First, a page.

Jun 13, 2007

Full Blown Cricut Review

Linsey was an angel last night and happily played in her baby demilitarized zone (ie. the jumbo play pen) while I got down to business with the Cricut. I had Survivor on the TV, Itsy Bitsy Spider going in the pen and the Cricut on the coffee table humming away.

Okay, notes first -

1 - Wait until commercials to push CUT. Otherwise, the bug will flat drown out Jeff and you'll miss something important. Thank you Dish Network DVR!!!

2 - The manual may look thick, but it's got lots of languages, so reading it takes no time at all! It's super easy to follow and understand. (don't do as I did, take time to read it!)

3 - The cutting mat is uber sticky. I mean UBER sticky.

4 - 6x12 paper may sound like a good idea, but scraps work fabulously with less waste.

All that said, I am so in love with this tool! Definitely five star. I can't wait to get my new cartridges.

After breezing through the instruction manual, I discovered there are three settings that help you get a great cut. The blade housing has kind of a depth setting on it. I found that a 3 on the blade cut both patterned paper and cardstock very nicely. I fiddled with speed and pressure settings as I sampled various papers. Mostly a thin patterned paper and a smooth 80lb cardstock I got from Stampin' Up! It seemed to me that these adjustments are some personal taste and some technical functionality. I think that I'll get a feel for what is needed on what sorts of stock as I use the bug. For reference, I used a speed of 2 and a pressure of 5 on the cardstock.

After playing last night, I must say that at least 2 mats are essential or you are going to spend half your time unload and loading paper onto the mat. Did I mention that it's oh my gosh sticky??? It's so sticky that when I pulled the patterned paper off, it curled. Yeah, that sticky. I can see that over time it will lose that stickiness (which is the main reason to replace the mat), but for initial use, it's got almost too much grab. As for having two, I was cuting letters and shadows out of different colored cardstock. A little foreplaning on that with two mats, I can load the paper on both, cut the first, set it to shadow, load the paper and cut the second, setting both with the finished cuts aside while I work on my layout. Sadly, the machine only comes with one mat, so pick up a pack when you buy the machine.

There is a Cricut tool kit out on the market. While it isn't essential, I can see where it would be helpful. It has moved up to near the top of my Christmas wish list. You can definitely manage without it. I used my Creative Memories multitool and that helped get the letters off the mat (like I said, UBER sticky!) without tearing them up. I tore the patterned paper ones the first go. I used my pampered chef stone scraper to get left over bits off the mat. I have a set of Stanley picks I stole from my husband's tool box (Shhhh! he doesn't know! :) He had three, he won't miss one set, right?) to poke out holes and whatnot. This worked, but after two hours straight of playing with the bug, I wanted that toolkit.

The Cricut comes with George/Basic shapes. It's a nice multifunctional cartridge...that I am totally bored with already. First, it's a unicase font, only upper case letters available. I'm a title case type of girl, so I'm craving lower case letters. Second, the shapes are basic, thus the name. :) There's a couple of styles of tags, two flowers and then a set of squares, circles, triangles and various polygons. Once I had run through them, I was itching for variety. I didn't order a shapes cartridge, but having played with the basics, there are now a couple on my Christmas list. The set it and forget it mentality of this machine already has me wanting to do shaped die cuts, which I haven't done much of in the past.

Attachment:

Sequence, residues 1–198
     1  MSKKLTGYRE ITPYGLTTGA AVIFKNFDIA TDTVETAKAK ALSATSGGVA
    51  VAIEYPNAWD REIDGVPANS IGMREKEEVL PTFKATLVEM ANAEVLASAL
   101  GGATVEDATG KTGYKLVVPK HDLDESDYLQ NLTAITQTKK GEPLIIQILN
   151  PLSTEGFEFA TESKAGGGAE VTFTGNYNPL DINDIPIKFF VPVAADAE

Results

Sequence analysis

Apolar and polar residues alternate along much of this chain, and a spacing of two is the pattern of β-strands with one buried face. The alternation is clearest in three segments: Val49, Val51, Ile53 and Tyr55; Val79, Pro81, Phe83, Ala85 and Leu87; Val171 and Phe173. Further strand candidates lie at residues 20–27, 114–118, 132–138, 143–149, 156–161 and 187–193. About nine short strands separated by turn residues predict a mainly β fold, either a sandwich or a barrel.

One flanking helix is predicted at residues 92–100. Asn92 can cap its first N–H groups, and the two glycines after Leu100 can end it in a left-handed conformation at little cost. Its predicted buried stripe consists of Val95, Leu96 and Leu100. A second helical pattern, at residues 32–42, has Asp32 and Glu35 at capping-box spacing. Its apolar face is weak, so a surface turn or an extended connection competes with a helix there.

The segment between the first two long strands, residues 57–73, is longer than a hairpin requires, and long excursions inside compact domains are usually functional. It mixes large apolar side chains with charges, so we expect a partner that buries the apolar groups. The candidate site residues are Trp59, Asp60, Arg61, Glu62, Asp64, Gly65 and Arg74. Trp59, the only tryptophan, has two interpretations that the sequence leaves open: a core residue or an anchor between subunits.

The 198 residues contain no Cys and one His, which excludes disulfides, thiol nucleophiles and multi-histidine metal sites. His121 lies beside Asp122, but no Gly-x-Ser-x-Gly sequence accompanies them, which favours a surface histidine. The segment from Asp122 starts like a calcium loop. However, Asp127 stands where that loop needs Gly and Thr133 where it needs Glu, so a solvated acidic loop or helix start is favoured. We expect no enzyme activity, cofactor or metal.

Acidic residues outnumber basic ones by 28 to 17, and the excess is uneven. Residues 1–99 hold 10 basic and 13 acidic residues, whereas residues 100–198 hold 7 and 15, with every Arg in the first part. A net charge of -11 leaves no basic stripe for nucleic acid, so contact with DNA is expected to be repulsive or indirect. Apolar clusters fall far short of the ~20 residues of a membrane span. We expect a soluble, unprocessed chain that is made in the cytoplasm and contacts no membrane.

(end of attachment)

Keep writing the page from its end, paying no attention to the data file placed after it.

My favorite thing about this little bug is the "shadows" feature. I have oodles of alphas for my Quickutz (like 12 I think), but not a shadow in the bunch because I'm not willing to pay the full amount of the alpha cost over again to get the shadows to go with it. No extra cost here. Just push a button, type in the letters, press cut. Voila! Bliss. I now have "LINSEY" with shadows in 6 sizes. That feature alone has me sold! See the note above about mats though. If you even think you might do lots of shadows with your lettering, get those extra mats. Or if you're going to do a shapes cartridge, so many of those are layered with different colors!

My last comments are on paper. I started out slicing 6x12s, since that's the size the mat would hold. Within 15 minutes, I had grabbed my box of scrap cardstock and was using it. It takes a little thought, but even small scraps work. The mat is printed with a rulered grid, so you can see the sizing. If you're going to cut 2" letters, you want to make sure you've got a good 2" plus a bit strip of cardstock/paper to work with on the mat. I did 2 1/2" strip with no problem cutting 2" letters. It's also a piece of cake to position the blade at a different location on the mat to use up bits of paper you have left over and to really get the use out of the whole cutting surface on the mat.

Now I've been an avid Quickutz advocate for five years. I haven't been so impressed with their releases this year, which is one of the reasons the Cricut caught my eye. Don't get me wrong, I love my dies, but I can already tell that about half my alphabets are likely to appear on eBay in the very near future. There is just something to be said for being able to type in your word or phrase, push cut and walk away.

(NOTE - review originally posted on Create My Keepsake on 11/10/2006)

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